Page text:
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From the Golden Age, by Thomas Heywoodi 161.
$, Tell me what
thinke on earth
If love be banished the heart,
Or ample wealth,
Or want of health?
That these should wait on highest states.
Chorus. Love only does our soules refine,
And by his skill
And guides our will.
From the Shepheards Holy-day. 1635.
BY VENUS AND THE GRACES.
Come, lovely boy, unto my court,
But keepe away the honey and the sport.
Come unto me,
And with variety
There is no musique in a voice
To fright poore lovers from a better choice.
Orpheus that on Euridice
Finds the reward of foolish constancy.
Come then to me
And sigh no more for one love lost,
Thy mis-spent labours and thy better cost.
From the same.
What need we use many beseeches,
If we love, tis enough,
Hang poetical stuff,
If we love, &c.
Why should we stand whining like fools,
If they love, we'll repayt,
If not, let em sayt,
If they love, &c.
But they must be won by romances,
A third do's delight
In a song, yet at night
If they love, &c.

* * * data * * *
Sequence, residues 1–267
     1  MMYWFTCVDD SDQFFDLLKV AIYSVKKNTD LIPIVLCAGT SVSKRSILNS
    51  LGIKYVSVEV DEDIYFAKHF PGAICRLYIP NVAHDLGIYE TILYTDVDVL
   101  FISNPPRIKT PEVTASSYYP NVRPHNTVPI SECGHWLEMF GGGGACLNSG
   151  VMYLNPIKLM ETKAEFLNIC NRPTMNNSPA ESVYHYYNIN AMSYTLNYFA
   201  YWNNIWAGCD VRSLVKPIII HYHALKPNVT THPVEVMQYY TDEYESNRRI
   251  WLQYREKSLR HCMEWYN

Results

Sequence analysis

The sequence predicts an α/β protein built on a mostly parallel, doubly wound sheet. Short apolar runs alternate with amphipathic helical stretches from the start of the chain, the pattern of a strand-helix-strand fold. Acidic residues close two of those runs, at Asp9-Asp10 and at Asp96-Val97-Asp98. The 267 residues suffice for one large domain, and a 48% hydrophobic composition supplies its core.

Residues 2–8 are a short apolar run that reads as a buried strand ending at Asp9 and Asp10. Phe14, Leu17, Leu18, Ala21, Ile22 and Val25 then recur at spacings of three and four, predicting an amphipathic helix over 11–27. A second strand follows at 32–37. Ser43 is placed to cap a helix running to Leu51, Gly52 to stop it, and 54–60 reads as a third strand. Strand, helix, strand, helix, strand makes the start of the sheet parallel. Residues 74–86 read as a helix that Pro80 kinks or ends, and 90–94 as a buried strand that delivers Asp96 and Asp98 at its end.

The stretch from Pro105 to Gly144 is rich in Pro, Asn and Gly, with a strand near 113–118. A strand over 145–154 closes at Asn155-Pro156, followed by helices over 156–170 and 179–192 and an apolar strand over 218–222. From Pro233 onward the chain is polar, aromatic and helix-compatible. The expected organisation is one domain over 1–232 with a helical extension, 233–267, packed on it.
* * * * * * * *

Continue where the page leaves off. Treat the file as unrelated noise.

This must be extolled to the sky
But that ladis for me,
That loves fine and free,
But that ladis for &c.
From the English Rogue, by T. Thompson. 1668.
Fond Love, no more
Thy fei ned Deity.
And prove thy victory.
Whilst I do keep
Love hath no power on me.
The busie man is free.
From Loves Labyrinth, or the Royal Shepherdess, by Tho. Forde Philothal. 1660.
Thine eyes to me like sunnes appeare,
Or brighter starres their light,
Or else a day of night:
Thy brow is as the milky way,
Whereon the gods might trace
Or nectar of thy face.
But to speake truely, I doe vowe,
Thy cheeke it is a mingled bath
Of lillyes and of roses;
Thy nose a promontory faire,
Thy necke a necke of land;
All men amazed do stand.
For foure lines in passion I can dye,
As is the lovers guise,
Whilst love possest the wise.
From the Variety. A Comedy. 1649.
Not hee that knows how to acquire,
But to enjoy, is blest;
In motion, but in rest.